Oh, Danny Boy, the pipes, the pipes are calling . . .
Whenever I hear this song, I think of my dad.
Since he was such a passionate music lover, there are many songs that remind me of him, but none touches me as deeply as “Danny Boy.”
When I was growing up, music was that special something we could do together. With my brother it was fishing, but with me, James loved to play his harmonica while I accompanied him on the piano.
First, he would line up his instruments — he had several Hohner Chromonicas and a couple of diatonic harmonicas in different keys.
Then we would play our way through my stack of sheet music and piano books — folk songs, church hymns, patriotic songs, show tunes (Rodgers and Hammerstein, Leonard Bernstein, Lerner and Loewe), semi-classical pieces, Strauss waltzes, drinking songs/sea shanties, Christmas carols, on and on.
When Australian paper collage artist Alice Lindstromwas little, she liked cutting and pasting bits of paper to make her own staple-bound collage books.
Looking back over the twists and turns of her creative journey, it seems paper collage had always been her true calling, as it’s a unique art form that wholly reflects her personality.
Though she’s now based in Melbourne, Alice grew up in the Adelaide countryside surrounded by animals and nature. Wanting to encourage her artistic skills, her parents sent her to schools that focussed on art. But when it came time for university, Alice chose to broaden her education to prepare for a “proper job.”
She earned a Bachelor of Humanities in Philosophy from the University of Adelaide, followed by a Bachelor of Design from the National Institute of Dramatic Art. After working as a theatre designer in Sydney, Alice returned to Adelaide, where she earned graduate degrees in Museum Studies and Art History.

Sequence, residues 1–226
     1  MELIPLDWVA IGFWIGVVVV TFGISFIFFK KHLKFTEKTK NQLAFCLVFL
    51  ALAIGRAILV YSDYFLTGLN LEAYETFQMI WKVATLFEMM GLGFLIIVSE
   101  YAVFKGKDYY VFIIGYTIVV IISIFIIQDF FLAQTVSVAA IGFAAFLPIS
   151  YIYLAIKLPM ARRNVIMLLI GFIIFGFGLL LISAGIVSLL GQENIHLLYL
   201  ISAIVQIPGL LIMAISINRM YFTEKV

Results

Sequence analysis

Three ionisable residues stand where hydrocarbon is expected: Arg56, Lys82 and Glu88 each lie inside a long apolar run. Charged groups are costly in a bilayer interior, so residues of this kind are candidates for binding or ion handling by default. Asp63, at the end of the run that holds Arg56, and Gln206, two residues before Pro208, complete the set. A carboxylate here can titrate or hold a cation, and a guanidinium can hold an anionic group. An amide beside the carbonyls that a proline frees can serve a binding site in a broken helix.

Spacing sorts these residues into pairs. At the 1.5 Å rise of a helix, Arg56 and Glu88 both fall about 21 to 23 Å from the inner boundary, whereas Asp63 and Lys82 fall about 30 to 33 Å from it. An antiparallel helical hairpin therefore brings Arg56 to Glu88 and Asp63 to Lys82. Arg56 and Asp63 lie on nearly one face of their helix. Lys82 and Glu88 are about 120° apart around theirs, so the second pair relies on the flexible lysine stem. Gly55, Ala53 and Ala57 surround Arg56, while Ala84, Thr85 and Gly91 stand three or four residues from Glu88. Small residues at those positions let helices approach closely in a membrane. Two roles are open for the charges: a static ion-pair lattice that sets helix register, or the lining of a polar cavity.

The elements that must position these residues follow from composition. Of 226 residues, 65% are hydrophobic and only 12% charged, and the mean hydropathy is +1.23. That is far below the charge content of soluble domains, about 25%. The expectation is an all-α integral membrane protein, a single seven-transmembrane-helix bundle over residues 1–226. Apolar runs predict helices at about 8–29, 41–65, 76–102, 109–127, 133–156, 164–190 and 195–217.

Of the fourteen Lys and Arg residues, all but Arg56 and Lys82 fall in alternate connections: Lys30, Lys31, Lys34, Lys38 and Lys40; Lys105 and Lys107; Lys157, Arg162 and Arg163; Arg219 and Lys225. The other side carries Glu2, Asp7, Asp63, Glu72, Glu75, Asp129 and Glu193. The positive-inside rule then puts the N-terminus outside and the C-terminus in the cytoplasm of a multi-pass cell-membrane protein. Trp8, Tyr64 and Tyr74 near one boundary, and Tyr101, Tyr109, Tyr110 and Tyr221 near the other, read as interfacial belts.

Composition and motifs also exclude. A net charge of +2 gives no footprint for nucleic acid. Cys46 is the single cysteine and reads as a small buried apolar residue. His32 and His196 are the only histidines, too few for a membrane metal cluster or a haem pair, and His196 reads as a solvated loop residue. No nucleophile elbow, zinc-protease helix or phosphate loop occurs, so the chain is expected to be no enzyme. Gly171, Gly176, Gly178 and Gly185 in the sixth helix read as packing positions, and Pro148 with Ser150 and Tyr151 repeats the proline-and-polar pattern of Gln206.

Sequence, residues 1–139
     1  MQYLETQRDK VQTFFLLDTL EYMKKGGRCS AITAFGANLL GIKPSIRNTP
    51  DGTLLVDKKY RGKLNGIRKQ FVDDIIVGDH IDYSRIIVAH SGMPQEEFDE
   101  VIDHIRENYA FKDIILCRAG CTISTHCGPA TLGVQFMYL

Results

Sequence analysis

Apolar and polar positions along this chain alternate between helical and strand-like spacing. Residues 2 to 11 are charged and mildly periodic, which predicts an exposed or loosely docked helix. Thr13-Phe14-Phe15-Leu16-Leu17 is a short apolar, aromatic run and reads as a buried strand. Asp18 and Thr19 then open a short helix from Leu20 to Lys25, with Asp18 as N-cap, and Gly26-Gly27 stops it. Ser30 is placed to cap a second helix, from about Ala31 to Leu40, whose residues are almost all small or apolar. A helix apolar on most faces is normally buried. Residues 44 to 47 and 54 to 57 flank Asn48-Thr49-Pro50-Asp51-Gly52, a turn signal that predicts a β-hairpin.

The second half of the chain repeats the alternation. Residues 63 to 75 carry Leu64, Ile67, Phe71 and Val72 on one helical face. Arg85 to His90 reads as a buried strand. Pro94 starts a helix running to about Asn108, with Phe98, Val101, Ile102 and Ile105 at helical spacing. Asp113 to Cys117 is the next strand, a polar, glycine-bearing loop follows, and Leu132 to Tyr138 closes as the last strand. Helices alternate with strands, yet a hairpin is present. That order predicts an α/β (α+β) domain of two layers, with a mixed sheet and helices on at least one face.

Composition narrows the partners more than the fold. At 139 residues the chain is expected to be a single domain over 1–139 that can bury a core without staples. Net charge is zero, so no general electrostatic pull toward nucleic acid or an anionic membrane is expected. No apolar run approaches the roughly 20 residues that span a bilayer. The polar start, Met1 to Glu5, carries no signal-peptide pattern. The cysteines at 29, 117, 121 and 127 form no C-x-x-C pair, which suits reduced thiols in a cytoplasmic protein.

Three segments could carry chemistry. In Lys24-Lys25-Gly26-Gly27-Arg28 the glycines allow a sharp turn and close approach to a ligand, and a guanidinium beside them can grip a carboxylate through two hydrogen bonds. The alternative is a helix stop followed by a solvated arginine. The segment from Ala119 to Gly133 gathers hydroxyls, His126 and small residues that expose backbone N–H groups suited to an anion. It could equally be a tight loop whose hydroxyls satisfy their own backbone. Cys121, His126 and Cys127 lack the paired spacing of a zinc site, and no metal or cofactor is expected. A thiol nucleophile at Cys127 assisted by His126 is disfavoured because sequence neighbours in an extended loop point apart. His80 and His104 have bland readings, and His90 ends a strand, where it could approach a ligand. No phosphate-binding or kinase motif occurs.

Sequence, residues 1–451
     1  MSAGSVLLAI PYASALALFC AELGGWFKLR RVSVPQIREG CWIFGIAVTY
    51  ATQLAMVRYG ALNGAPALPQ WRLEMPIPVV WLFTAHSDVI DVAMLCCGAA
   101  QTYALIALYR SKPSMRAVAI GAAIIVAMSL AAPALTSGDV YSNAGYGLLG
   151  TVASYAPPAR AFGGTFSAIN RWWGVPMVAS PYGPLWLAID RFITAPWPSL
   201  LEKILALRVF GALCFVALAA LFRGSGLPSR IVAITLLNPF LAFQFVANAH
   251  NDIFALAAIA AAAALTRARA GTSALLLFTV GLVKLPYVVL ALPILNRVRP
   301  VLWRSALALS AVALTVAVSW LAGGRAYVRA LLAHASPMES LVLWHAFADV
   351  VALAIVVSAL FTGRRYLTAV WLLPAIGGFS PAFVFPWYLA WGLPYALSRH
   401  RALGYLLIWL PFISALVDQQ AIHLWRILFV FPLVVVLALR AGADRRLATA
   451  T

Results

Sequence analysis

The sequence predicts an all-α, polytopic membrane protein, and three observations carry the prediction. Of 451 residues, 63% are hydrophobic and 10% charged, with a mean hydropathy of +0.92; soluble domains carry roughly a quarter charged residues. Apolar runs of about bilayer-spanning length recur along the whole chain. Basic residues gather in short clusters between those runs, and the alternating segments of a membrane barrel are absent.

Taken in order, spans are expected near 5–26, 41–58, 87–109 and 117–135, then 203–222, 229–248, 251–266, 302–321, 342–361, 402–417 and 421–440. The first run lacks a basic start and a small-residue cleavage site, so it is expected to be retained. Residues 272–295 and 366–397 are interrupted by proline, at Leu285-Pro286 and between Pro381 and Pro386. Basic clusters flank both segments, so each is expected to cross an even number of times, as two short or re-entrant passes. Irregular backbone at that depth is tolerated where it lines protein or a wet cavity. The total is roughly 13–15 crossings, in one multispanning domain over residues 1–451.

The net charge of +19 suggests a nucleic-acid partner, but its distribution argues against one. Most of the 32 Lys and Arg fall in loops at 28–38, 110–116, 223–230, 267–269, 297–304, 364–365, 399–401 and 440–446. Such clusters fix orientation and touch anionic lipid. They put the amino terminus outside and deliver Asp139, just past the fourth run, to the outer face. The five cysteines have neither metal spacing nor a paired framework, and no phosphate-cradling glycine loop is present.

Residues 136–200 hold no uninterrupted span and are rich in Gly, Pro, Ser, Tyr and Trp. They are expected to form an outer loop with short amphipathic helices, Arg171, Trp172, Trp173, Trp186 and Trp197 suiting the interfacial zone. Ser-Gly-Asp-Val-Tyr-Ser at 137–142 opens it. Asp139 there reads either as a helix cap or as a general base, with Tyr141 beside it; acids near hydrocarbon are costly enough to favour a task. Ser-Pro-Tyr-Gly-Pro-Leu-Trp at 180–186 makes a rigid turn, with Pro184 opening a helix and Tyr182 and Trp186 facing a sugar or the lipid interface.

She soon realized that getting a “real job” and treating art as a hobby was not going to work since her passion for art was just too strong. Rather than curate the work of others, she wanted to create her own art and illustrations.
Both Alice’s father and grandfather were born in Germany. Her grandfather was a painter who had a big influence on Alice. He and Alice’s grandmother worked at an art school in Berlin.
“The best place to find God is in a garden. You can dig for him there.” ~ George Bernard Shaw
Let’s take a little trip.
THE BLUE GARDEN
by Helen Dunmore
'Doesn't it look peaceful?' someone said
as our train halted on the embankment
and there was nothing to do but stare
at the blue garden.
Blue roses slowly opened,
blue apples glistened
beneath the spreading peacock of leaves.
The fountain spat jets of pure Prussian
the decking was made with fingers of midnight
the grass was as blue as Kentucky.
Even the children playing
in their ultramarine paddling pool
were touched by a cobalt Midas
who had changed their skin
from the warm colours of earth
to the azure of heaven.
'Don't they look happy?' someone said,
as the train manager apologised
for the inconvenience caused to our journey,
and yes, they looked happy.